Since National Socialism came to power, I have striven to make its consequences milder for its victims and to prepare the way for a change. In that, my conscience drove me -- and in the end, that is a man's duty.
more Helmuth James quotes
Providence has given our people the choice of their rulers, and it is the duty, as well as privilege and interest, of a Christian nation to select and prefer Christians for their rulers.
more John Jay quotes
I agree with you that it is the duty of every good citizen to use all the opportunities, which occur to him, for preserving documents relating to the history of our country.
more Thomas Jefferson quotes
I long to accomplish a great and noble task; but it is my chief duty to accomplish small tasks as if they were great and noble.
more Helen Keller quotes
To say "I have to" is to speak the language of compulsion, duty, authority -- the language of injunctions imposed on us from without. Objectivism is not a duty ethic, but an ethic of values, the ultimate value being one's own life and happiness. The language of values is "I want" and "I will": I want this, and I will do what it takes to get it.
more David Kelley quotes
Activate yourself to duty by remembering your position, who you are, and what you have obliged yourself to be.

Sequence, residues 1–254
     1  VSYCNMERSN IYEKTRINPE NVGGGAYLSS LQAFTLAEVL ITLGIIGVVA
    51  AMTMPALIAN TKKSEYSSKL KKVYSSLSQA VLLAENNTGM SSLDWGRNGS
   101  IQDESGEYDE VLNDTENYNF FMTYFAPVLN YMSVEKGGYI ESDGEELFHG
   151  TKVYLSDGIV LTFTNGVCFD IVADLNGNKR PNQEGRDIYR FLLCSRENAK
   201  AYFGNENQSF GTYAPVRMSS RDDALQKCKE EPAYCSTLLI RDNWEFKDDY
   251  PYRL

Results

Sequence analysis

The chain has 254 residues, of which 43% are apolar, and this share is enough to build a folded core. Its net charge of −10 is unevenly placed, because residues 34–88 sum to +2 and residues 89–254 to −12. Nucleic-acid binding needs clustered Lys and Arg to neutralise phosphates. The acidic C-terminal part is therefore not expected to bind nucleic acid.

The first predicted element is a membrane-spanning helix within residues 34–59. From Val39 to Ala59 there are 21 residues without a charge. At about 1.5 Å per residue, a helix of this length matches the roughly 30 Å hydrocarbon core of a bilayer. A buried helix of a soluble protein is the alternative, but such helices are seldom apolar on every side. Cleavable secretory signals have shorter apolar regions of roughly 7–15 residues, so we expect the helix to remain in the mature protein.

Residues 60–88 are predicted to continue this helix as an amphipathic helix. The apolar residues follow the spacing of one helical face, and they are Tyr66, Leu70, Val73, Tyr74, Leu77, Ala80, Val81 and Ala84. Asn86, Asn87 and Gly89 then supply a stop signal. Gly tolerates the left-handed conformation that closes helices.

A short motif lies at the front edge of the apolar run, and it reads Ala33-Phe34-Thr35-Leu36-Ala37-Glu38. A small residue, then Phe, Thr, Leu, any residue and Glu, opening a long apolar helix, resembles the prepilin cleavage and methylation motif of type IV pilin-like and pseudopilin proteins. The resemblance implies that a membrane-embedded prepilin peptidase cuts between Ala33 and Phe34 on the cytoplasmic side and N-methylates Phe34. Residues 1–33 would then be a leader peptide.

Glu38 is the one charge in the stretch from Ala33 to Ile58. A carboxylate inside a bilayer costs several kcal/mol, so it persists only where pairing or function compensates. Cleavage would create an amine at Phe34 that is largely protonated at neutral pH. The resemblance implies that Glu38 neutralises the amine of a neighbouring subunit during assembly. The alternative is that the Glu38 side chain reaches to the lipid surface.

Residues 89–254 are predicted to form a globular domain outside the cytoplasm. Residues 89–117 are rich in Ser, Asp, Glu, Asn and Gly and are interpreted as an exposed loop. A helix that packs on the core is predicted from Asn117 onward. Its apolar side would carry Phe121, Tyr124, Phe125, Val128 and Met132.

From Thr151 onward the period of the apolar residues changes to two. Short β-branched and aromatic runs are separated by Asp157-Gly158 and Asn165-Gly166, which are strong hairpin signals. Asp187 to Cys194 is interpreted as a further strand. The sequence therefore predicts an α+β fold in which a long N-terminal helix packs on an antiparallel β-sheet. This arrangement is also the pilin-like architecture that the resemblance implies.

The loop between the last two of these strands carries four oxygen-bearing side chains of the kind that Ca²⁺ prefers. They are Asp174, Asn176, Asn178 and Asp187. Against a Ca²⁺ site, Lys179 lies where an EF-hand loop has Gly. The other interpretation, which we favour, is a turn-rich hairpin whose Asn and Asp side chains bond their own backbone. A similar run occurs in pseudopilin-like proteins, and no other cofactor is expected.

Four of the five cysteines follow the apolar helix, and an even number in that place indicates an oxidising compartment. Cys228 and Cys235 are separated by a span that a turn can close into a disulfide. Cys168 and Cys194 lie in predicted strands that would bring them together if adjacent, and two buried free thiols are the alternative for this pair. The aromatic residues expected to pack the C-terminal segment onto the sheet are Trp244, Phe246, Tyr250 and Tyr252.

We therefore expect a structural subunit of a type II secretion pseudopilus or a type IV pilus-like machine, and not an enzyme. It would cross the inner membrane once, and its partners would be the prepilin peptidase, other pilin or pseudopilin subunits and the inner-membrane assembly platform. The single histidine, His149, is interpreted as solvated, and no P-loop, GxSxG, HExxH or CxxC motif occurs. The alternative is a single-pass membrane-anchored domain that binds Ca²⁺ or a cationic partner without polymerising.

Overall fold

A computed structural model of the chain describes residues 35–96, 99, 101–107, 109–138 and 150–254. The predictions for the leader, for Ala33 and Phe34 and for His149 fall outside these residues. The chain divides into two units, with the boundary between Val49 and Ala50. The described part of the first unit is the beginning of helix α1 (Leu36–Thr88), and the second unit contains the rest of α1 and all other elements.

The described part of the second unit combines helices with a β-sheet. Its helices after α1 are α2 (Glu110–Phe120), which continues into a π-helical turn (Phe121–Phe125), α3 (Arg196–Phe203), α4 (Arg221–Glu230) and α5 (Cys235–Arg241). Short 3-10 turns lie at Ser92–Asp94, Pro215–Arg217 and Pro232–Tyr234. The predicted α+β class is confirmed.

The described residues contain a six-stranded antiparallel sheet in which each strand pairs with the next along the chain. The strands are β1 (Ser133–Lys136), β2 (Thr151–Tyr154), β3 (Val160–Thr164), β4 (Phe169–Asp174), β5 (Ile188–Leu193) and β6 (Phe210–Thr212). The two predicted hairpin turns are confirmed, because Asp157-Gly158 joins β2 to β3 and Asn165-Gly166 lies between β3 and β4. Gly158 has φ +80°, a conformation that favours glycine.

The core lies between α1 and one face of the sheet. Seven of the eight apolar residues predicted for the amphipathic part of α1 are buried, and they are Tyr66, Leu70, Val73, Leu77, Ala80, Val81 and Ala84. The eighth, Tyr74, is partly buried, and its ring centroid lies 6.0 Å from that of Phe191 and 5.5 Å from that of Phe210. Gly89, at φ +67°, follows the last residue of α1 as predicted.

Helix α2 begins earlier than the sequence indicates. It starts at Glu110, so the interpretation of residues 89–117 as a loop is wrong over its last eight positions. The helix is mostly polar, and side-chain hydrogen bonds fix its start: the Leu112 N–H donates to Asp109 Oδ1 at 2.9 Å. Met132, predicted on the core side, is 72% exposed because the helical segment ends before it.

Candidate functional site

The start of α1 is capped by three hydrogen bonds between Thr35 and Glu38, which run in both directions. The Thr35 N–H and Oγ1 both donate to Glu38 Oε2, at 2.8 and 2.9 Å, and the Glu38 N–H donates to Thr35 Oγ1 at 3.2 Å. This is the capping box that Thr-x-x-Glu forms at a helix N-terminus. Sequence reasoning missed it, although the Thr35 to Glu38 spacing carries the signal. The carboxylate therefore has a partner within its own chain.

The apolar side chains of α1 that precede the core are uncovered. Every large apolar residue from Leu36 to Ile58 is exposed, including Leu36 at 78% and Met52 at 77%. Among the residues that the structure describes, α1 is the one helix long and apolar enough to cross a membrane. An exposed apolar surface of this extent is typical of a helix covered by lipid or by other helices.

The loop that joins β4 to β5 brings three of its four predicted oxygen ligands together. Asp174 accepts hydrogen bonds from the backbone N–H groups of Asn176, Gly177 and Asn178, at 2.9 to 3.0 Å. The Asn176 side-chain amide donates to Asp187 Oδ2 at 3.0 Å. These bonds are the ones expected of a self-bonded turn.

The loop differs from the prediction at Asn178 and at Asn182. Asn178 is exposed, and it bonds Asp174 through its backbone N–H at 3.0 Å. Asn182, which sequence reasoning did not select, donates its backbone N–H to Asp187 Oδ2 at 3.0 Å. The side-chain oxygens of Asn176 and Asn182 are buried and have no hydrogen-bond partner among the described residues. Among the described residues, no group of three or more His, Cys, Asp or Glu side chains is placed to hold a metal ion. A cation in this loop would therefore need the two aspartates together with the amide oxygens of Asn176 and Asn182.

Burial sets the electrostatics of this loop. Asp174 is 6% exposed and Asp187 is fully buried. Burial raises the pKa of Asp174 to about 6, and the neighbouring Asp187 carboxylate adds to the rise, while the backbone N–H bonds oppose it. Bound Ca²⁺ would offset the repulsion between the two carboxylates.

more Thomas Kempis quotes
I was put in this world to change it.
more Kathe Kollwitz quotes
Men fight for liberty and win it with hard knocks. Their children, brought up easy, let it slip away again, poor fools. And their grand-children are once more slaves.
more D. H. Lawrence quotes
Ever since I was a child I have had this instinctive urge for expansion and growth. To me, the function and duty of a quality human being is the sincere and honest development of one's potential.
more Bruce Lee quotes
With all my devotion to the Union and the feeling of loyalty and duty of an American citizen, I have not been able to make up my mind to raise my hand against my relatives, my children, my home. I have therefore resigned my commission in the Army, and save in defense of my native State, with the sincere hope that my poor services may never be needed, I hope I may never be called on to draw my sword...
more Robert E. Lee quotes
[M]y work, which I've done for a long time, was not pursued in order to gain the praise I now enjoy, but chiefly from a craving after knowledge, which I notice resides in me more than in most other men. And therewithal, whenever I found out anything remarkable, I have thought it my duty to put down my discovery on paper, so that all ingenious people might be informed thereof.
more Antonie van Leeuwenhoek quotes
Let us have faith that right makes might, and in that faith let us to the end dare to do our duty as we understand it.
more Abraham Lincoln quotes